1. Tosca, Penn Quarter. This sedate, earth-tone dining room’s house-made pastas are expensive but unparalleled in the area.
2. Filomena, Georgetown. In the mood to carbo-load? The all-you-can-eat buffets here are laden with house-made pastas, freshly baked bread, and layer cakes.
3. Dino, Cleveland Park. You’ll find excellent Italian cheeses, salumi, and wine at this casual corner spot.
1. 2 Amys, Cleveland Park. Peter Pastan’s Neapolitan-style rounds arrive with such toppings as house-made sausage and tiny cockles.
2. Pizzeria Paradiso, Dupont Circle and Georgetown. These standard-setting pies now boast an extensive beer selection to go with them.
3. Matchbox, Penn Quarter. The mini-burgers get all the attention, but the wood-oven pizza deserves some, too.
1. Sushi-Ko, Glover Park and Chevy Chase. Precisely cut sushi and sashimi go nicely with boutique sakes and even Burgundy.
2. Sushi Taro, Dupont Circle. Quiet, traditional, and crowded, this upstairs dining room, popular with Japanese dignitaries, is currently closed for renovations.
3. Kaz Sushi Bistro, downtown DC. Chef Kaz Okochi has a knack for unusual flavor pairings, such as tuna with foie gras.
1. (tie) Nava Thai, Wheaton. Closed for a move, this place has the area’s best pad Thai and “floating market soup.”
Thaiphoon, Dupont Circle and Pentagon City. Eye-catching dining rooms serve colorful cocktails and all the Thai classics.
2. Bangkok 54, Arlington. If there’s a better-looking Thai restaurant than this, we haven’t found it. And happily, it doesn’t stint on the spice.
3. Rice, Logan Circle. An austerely modern dining room with a menu that highlights authentic dishes and healthy alternatives.
1. Four Sisters, Merrifield. The beloved restaurant has moved to a better, brighter location, and the food’s just as good.
2. Minh’s, Clarendon. This welcoming dining room serves dishes from North and South Vietnam.
3. Pho 75, five Maryland and Virginia locations. Excellent, restorative soups for breakfast, lunch, and dinner.
1. Rasika, Penn Quarter. Everything is artful here, from the Champagne cocktails and lovely curries to the jewel-toned decor.
2. Heritage India, Glover Park and Dupont Circle. The Glover Park location is the more reliable of these traditional tandoori and curry restaurants.
3. Indique, Cleveland Park. Shareable street snacks and tandoori meats are the draw at this group-friendly place.
Best Latin American
1. Oyamel, Penn Quarter. Mexican tacos, soups, and ceviches are refashioned the José Andrés way—into small plates.
2. Rio Grande Cafe, five Maryland and Virginia locations. Kid-friendly and festive margarita and fajita spots.
3. Rosa Mexicano, Penn Quarter. Across the street from the Verizon Center, it’s known for guacamole made tableside and margaritas.
1. Georgetown Cupcake, Georgetown. This shoebox-size bakery can draw hourlong lines.
2. Hello Cupcake, Dupont Circle. You’ll find fanciful varieties such as peppermint and dulce de leche.
3. CakeLove, five area locations. Warren Brown started the cupcake craze years ago with his buttercream-topped sweets.
Best Frozen Yogurt/Ice Cream
1. Mr. Yogato, Dupont Circle. The zany owner holds contests while you wait for a fro-yo swirl.
2. Tangysweet, Dupont Circle. Frozen yogurt with a distinct tang and add-ins such as Cap’n Crunch and mochi.
3. Thomas Sweet, Georgetown. You can blend an array of toppings into ice creams or low-cal frozen yogurt.
1. Co Co. Sala, Penn Quarter. Chocoholics indulge in cocoa-themed tasting menus at this glam lounge.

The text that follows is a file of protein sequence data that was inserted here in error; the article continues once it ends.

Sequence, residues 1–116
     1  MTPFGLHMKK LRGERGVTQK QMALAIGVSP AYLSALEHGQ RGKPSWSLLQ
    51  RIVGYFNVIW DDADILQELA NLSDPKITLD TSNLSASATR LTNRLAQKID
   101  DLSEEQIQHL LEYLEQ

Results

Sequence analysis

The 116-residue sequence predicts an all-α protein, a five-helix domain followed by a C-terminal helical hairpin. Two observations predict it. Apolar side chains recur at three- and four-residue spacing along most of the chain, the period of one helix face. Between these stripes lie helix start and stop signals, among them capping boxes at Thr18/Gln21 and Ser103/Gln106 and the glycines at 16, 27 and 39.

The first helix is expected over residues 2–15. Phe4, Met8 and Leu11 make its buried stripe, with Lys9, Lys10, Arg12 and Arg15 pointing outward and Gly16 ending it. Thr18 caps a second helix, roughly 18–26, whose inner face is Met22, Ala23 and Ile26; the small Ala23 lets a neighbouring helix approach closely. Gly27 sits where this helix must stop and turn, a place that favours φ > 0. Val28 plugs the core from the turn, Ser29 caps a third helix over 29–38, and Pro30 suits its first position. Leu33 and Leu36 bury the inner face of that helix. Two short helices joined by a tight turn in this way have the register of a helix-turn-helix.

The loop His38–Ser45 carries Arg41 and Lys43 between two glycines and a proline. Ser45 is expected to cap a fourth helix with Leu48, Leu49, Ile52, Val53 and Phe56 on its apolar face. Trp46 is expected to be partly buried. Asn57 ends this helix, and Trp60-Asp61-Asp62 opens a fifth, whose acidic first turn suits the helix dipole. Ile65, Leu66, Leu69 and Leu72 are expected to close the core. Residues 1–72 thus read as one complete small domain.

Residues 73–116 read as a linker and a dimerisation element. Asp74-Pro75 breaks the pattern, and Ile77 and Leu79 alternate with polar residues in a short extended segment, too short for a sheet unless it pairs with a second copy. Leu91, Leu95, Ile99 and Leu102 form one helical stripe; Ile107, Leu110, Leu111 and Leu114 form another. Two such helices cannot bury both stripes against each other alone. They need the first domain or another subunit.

2. (tie) Carlyle, Shirlington. The flourless chocolate waffle has a serious following.
Central Michel Richard, Penn Quarter. Richard’s takes on classics such as apple pan-dowdy.
3. Georgetown Cupcake, Georgetown. Cute, sprinkle-topped confections made with Valrhona chocolate and Madagascar vanilla.
1. Potbelly, multiple area locations. For warm, fast, cheap subs, this Chicago import is the place.
2. Italian Store, Arlington. Big, crusty rolls are stuffed with primo fillings.
3. Breadline, downtown DC. The sandwiches change every day except for fixtures such as roast turkey and prosciutto/mascarpone.
Best Weekend Brunch
1. Tabard Inn, Dupont Circle. The freshly fried doughnuts are one of the tastiest starts to the day we know.
2. Carlyle, Shirlington. Bellinis fly at this plush restaurant with an eclectic menu.
3. Whitlow’s on Wilson, Clarendon. Choose from loads of omelets or a brunch buffet.
1. 1789, Georgetown. A cozy, Federal-style house with lots of hideaways.
2. Komi, Dupont Circle. This is one restaurant that actually wants you to linger.
3. L’Auberge Chez François, Great Falls. Share a chocolate soufflé in the sweetly decorated dining room.
1. PX, Old Town Alexandria. The wondrous drinks are worth the hassle—no jeans, hidden phone number (call its neighbor Eamonn’s)—at Todd Thrasher’s reservations-only speakeasy.
2. (tie) Poste, Penn Quarter. You may find lavender in your margarita, but it works.
EatBar, Arlington. Bar whiz Gina Chersevani garnishes her drinks with ingredients such as bleu cheese and horseradish.
3. Mie N Yu, Georgetown. Fruity cocktails and specialty martinis that aren’t too sweet.
1. Citronelle, Georgetown. Some say Michel Richard is coasting, and we’ve heard gripes about the service.
2. Lauriol Plaza, Dupont Circle. Overflowing with twentysomethings, it often feels like a better place to drink than eat.
3. L’Auberge Chez François, Great Falls. Too fusty, some complain, and if you don’t like lacy decor and colored Christmas lights, consider yourself warned.
1. Citronelle, Georgetown. The tasting menu with wine pairings will set you back $280 . . . each.
2. Adour, downtown DC. New Yorkers complained that Alain Ducasse’s eponymous restaurant was too pricey; Washingtonians are saying the same about this hotel dining room.
3. (tie) Ruth’s Chris Steak House, six area locations. The steaks and à la carte sides can quickly add up.
Inn at Little Washington, Washington, Virginia. Do we need to explain this one?